This can result in the victim feeling confused, indecisive, anxious, and depressed, says Stefanie. “A person who ‘gaslights’ repeatedly manipulates the victim into doubting their abilities, opinions, and recollections, and eventually their sanity,” she says. 

Even scarier than simply contemplating what gaslighting would look like in a romantic relationship is taking into account that it can occur in any relationship, says Stefanie. And because both men and women can resort to it as a form of psychological abuse, you need to look at your own patterns of behaviour to identify whether you’ve abused those you love or work with through these techniques. 

 Identifying when someone is gaslighting you is the first step to taking back control. It can be scary to stand up for yourself, but if you know in your gut that something is wrong, take action. 

Dealing with it

When your colleague says, ‘You made me look bad in that meeting, interrupting me the way you did’. 

Say, ‘That was not my intention. Let me speak to [another colleague’s name] for confirmation that my behaviour was out of line, because I don’t believe it was’. 

When your colleague says, ‘You seemed unprepared in your last three presentations. Are you struggling as much in this position as you seem to be?’.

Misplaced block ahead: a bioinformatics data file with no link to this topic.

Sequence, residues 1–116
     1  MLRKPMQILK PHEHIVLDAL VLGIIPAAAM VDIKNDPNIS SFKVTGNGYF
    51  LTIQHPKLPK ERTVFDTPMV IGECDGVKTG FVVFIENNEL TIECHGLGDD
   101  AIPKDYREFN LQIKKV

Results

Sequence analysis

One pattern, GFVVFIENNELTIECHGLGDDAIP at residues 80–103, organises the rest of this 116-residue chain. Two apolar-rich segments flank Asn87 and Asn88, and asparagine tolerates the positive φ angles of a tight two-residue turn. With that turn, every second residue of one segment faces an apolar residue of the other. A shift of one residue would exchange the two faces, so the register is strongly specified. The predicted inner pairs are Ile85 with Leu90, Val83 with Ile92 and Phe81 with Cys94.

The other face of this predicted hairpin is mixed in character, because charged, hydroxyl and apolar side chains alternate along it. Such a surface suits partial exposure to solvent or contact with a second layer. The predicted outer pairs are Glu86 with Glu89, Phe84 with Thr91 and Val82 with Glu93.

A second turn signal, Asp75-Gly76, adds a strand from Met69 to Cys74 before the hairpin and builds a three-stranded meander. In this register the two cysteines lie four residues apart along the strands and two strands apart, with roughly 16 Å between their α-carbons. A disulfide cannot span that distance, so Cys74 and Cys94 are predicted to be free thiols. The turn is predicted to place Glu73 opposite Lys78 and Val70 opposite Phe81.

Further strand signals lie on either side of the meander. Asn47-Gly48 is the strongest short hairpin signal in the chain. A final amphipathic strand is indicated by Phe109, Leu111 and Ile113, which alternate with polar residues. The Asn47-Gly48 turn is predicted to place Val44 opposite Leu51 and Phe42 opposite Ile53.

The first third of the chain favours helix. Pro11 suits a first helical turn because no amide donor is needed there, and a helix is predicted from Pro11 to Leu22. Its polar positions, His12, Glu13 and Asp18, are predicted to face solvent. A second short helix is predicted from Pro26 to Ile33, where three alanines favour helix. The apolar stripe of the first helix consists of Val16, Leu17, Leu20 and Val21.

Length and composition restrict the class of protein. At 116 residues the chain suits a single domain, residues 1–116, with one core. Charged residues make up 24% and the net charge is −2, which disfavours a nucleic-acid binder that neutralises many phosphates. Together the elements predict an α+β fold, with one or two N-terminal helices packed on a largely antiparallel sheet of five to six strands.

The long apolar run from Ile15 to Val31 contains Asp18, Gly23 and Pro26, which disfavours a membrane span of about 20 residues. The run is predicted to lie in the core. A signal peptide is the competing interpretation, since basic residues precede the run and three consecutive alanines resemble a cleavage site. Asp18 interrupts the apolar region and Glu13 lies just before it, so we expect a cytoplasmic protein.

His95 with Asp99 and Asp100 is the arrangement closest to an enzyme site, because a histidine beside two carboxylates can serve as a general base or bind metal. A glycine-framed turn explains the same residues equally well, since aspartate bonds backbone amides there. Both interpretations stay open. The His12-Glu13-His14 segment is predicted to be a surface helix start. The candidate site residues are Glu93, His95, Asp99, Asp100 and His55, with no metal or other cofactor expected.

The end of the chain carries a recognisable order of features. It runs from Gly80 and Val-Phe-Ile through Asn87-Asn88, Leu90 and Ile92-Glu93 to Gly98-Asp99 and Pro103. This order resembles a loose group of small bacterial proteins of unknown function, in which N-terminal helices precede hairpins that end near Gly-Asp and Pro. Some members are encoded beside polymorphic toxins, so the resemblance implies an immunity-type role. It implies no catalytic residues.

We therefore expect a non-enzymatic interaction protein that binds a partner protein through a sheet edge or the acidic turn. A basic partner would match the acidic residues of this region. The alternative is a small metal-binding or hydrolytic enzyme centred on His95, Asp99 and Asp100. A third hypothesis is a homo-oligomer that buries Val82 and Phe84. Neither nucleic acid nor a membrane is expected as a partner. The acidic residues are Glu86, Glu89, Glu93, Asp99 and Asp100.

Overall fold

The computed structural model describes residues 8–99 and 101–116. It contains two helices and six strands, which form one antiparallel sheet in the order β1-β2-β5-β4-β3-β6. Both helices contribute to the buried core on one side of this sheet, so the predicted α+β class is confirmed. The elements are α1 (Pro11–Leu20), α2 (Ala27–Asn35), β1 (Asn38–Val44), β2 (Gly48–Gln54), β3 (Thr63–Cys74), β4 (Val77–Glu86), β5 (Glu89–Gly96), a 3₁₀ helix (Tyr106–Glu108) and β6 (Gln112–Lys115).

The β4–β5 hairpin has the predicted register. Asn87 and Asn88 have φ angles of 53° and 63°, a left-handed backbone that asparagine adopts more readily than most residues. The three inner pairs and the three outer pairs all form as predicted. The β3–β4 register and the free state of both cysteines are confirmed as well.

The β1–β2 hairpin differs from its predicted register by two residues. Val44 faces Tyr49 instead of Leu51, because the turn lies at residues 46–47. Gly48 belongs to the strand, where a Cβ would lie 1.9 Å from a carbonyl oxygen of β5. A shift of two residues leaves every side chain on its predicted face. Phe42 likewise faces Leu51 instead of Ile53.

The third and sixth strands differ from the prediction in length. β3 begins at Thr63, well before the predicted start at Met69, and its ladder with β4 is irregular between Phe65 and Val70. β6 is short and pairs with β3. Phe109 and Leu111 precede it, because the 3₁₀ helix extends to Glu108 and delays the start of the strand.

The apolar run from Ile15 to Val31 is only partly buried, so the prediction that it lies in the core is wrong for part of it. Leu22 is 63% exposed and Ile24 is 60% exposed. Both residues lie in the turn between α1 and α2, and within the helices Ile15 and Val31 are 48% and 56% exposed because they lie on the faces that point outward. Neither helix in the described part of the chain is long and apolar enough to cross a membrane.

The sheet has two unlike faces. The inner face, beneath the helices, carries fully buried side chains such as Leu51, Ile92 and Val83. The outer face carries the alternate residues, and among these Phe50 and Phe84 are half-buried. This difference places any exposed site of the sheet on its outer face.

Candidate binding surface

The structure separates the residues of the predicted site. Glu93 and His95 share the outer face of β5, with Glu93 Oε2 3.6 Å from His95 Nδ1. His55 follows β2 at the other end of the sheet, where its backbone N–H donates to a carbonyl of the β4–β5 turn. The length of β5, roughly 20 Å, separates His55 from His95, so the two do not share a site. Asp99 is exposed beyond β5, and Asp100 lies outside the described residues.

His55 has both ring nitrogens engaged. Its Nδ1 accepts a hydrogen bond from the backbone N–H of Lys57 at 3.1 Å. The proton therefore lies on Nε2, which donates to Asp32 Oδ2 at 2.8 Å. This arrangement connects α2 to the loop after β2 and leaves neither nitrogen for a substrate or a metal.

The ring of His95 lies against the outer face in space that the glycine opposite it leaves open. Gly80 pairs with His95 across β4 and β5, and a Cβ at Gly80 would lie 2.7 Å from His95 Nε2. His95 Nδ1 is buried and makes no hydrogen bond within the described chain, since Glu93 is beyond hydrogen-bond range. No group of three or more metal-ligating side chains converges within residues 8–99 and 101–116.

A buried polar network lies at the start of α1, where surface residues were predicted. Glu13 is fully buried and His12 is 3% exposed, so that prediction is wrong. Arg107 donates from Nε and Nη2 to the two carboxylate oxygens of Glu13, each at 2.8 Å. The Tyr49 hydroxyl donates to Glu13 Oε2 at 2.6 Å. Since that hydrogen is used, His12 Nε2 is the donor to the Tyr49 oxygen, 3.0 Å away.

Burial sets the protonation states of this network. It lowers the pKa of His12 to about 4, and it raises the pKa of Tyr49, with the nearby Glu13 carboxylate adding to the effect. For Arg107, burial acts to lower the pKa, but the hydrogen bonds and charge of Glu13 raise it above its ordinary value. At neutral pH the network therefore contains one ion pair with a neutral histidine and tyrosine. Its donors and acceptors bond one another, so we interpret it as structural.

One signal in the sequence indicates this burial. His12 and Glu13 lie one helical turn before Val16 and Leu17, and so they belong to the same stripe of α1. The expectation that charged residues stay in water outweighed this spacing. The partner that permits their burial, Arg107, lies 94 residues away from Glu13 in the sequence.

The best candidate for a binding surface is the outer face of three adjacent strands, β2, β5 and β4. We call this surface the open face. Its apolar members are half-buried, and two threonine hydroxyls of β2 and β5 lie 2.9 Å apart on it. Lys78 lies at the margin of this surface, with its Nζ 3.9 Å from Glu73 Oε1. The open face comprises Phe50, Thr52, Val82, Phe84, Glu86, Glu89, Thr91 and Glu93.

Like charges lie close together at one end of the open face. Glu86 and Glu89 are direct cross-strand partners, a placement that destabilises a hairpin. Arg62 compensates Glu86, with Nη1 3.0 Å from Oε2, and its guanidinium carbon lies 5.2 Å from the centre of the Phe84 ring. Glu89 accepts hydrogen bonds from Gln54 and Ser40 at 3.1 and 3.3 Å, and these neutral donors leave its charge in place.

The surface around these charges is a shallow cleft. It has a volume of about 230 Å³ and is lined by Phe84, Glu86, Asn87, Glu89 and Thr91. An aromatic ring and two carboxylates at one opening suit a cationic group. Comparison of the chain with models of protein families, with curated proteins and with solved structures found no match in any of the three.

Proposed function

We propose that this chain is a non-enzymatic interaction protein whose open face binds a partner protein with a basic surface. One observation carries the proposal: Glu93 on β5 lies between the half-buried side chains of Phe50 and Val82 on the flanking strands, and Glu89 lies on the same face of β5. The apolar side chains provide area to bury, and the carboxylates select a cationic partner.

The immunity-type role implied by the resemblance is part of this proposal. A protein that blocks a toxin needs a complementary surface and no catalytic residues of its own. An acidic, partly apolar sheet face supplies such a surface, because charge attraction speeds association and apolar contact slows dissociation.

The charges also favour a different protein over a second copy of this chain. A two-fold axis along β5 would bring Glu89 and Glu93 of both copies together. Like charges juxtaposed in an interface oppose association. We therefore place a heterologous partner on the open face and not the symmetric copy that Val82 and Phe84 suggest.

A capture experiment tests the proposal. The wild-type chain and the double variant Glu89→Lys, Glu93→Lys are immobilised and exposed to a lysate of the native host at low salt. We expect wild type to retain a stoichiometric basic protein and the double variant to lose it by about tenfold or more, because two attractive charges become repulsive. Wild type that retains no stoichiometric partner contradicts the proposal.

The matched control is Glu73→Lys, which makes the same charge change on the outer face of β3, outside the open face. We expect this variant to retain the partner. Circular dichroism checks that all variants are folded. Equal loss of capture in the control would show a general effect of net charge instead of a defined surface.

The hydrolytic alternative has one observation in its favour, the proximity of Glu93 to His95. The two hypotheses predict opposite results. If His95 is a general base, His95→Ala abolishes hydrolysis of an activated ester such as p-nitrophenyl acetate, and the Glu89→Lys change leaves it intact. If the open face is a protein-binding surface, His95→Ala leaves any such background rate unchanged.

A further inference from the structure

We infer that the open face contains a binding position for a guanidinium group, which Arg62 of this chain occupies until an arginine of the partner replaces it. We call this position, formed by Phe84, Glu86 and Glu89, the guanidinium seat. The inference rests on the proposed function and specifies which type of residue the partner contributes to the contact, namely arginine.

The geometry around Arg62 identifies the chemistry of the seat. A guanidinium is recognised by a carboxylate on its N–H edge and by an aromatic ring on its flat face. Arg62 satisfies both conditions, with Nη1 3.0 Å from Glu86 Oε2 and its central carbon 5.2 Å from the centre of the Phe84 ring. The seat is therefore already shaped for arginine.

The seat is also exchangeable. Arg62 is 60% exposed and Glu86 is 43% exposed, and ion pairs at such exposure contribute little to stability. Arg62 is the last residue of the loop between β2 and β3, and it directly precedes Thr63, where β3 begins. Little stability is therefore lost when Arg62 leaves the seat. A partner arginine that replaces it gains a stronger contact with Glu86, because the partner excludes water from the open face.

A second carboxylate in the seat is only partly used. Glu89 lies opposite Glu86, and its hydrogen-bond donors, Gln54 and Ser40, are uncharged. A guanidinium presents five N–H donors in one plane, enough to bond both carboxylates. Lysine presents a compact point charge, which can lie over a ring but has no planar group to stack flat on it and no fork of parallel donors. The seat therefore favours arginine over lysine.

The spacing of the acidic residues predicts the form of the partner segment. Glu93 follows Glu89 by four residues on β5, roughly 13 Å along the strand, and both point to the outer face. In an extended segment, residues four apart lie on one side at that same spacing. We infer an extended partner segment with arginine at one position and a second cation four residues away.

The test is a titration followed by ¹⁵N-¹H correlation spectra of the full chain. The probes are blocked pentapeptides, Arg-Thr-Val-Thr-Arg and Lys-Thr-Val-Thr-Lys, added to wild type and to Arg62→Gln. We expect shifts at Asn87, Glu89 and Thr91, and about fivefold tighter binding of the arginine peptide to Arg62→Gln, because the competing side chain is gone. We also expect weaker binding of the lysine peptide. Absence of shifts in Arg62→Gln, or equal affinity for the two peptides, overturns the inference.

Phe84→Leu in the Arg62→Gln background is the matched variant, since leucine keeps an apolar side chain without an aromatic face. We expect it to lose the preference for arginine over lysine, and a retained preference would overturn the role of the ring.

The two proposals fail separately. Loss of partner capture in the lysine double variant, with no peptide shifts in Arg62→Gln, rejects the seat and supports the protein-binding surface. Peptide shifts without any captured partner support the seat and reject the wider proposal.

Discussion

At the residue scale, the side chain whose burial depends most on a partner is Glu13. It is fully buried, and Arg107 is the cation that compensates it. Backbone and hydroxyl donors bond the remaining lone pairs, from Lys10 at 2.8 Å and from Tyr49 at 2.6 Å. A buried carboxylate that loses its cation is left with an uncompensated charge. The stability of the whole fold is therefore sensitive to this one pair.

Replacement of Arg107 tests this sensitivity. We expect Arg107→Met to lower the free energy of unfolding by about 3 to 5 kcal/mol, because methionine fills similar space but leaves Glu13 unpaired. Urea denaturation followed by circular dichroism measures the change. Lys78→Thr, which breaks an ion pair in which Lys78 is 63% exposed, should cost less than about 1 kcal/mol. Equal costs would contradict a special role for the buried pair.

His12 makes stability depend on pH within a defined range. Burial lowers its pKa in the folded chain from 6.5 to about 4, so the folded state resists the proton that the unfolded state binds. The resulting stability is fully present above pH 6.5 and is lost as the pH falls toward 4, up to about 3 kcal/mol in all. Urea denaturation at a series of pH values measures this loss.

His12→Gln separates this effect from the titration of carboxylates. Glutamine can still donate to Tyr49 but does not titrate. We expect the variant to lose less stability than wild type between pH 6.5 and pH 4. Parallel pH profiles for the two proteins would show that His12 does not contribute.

Say, ‘I worked very long and hard to get this role, and I work very hard to keep it. Until my superior raises concerns, I’ll keep doing me’.

When your partner says, ‘You made a fool of yourself last night when you told that dumb joke that no-one thinks is funny’. 

Say, ‘My friends and I really love that joke, and I don’t expect to please everyone all the time’. 

When your partner says, ‘It’s unattractive when you talk to so many men while we’re out. It makes you look desperate’. 

Say, ‘I’ve always been friendly. Maybe you should address why it makes you uncomfortable, because I enjoy the way I engage with people’. 

When your bestie says, ‘All the other girls say you’re a terrible friend, but I know you’re not’.

Say, ‘I don’t believe they’d speak like that behind my back, so I’ll talk to them about it directly’.

When your bestie says, ‘You shouldn’t talk about things you don’t understand; it makes you look stupid’.

Say, ‘Only stupid people don’t ask questions about things they don’t know. I love learning new things’.

Moving on 

So you’ve identified the abuser and their form of abuse, and you’re learning to clap back and stand up for yourself. Now what? Stick to the facts, says Lindiwe: “You need to stay in touch with reality”. Cut the abuser out of your life and surround yourself with people who reinforce your self-worth. By clearing away what you no longer have use for, you make room for those who will treat you the way you deserve to be treated.

The term ‘gaslighting’ can be traced back to the 1938 play Gas Light by British dramatist Patrick Hamilton, in which a husband uses the flicker of lights to manipulate his wife to question her sanity. The plot twist is that the husband is the one controlling the lights—and his wife’s sense
of reality.